I was asked by a TV journalist recently whether the publicity given last autumn to the changes in the pipeline had significantly affected parents' views on coaching for the Test? The new Test is supposed to be 'tutor-proof', to render it fairer to families who cannot afford private tuition. My answer was that I had noticed little difference either in the nature of what parents demand, or in the number of enrolments.
Because the Kent Test (both old and new) assesses aptitude for Grammar school largely through progress demonstrated in language and maths, it follows that sensible supplementary teaching in these areas through Year 5, and practice over the summer holidays prior to Year 6, is bound to have a positive effect on more enthusiastic children.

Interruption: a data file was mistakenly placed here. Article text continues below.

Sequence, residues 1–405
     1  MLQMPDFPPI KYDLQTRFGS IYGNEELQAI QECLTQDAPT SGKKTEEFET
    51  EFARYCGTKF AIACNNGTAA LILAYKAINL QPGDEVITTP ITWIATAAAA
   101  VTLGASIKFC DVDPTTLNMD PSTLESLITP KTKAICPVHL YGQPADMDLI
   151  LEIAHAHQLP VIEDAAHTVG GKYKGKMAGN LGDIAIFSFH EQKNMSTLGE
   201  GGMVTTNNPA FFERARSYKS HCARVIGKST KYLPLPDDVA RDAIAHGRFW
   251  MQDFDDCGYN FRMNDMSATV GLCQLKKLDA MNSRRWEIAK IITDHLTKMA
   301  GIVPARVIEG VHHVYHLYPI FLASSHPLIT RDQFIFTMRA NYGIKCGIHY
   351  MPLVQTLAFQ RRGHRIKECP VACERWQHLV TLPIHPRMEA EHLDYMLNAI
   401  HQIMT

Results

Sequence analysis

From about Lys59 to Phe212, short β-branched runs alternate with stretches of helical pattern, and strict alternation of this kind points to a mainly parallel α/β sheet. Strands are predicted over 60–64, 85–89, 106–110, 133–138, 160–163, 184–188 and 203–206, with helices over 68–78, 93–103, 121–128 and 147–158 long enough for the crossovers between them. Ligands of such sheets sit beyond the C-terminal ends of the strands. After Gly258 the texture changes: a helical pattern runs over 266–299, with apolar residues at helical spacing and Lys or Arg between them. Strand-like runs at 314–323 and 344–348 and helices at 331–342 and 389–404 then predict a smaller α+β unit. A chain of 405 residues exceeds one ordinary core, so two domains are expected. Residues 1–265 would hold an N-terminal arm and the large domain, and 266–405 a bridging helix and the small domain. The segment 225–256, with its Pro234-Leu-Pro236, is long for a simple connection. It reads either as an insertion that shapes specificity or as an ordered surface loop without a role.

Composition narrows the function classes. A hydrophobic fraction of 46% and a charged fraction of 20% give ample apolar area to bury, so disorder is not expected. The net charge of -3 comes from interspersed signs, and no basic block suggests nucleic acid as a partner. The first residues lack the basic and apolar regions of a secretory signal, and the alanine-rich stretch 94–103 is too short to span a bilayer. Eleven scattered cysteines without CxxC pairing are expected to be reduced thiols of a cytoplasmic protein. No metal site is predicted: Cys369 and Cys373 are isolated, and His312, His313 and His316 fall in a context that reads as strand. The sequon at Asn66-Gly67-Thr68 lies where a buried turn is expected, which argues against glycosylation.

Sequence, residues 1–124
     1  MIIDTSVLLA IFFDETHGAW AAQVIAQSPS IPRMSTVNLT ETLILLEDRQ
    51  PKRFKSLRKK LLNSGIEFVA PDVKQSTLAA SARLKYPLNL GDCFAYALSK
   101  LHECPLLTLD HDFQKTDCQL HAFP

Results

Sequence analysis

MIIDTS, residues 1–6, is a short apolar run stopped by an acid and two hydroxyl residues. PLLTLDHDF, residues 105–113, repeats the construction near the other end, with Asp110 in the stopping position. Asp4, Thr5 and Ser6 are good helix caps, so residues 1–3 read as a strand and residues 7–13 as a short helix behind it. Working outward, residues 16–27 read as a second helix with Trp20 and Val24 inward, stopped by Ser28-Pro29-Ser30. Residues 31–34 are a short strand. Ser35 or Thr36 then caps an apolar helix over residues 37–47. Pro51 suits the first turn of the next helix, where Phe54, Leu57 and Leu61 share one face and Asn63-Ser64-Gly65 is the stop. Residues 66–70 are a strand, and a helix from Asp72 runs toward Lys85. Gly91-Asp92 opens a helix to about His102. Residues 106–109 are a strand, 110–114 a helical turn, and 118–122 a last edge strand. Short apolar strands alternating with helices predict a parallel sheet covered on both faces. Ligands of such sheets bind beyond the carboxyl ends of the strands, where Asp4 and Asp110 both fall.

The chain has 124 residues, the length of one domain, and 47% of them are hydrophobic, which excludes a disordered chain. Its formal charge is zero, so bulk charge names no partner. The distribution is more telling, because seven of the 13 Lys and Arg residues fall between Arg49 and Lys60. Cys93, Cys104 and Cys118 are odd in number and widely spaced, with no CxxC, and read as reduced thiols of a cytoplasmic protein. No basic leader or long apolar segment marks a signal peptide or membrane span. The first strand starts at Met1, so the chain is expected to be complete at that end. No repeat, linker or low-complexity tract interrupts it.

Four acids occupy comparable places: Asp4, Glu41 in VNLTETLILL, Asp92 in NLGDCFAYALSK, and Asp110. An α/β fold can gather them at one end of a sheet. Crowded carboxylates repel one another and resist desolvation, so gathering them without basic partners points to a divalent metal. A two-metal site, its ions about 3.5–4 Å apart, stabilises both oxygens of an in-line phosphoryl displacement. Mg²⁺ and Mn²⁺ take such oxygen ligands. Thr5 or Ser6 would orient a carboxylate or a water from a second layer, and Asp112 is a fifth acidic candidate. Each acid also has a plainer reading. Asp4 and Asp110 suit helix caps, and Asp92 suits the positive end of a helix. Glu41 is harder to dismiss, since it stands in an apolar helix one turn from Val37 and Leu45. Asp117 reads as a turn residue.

Whether or not the magic average of 120 marks needed to go on to grammar school is achieved in the Test, the Maths and English learned in the process will not be wasted, and the child who has undergone the character-building discipline of preparing for the 11+ will be that much fitter for secondary school, whichever it turns out to be.
If the two main changes to the Test are first, in confining it to one day, and second, promoting the importance of the English paper, the selection of the most academic children for grammar school will, I am sure, be unaffected. Selection at the borderline, on the other hand, will always be contentious, whether papers are shorter or longer, and emphasize or not English skills such as spelling and punctuation.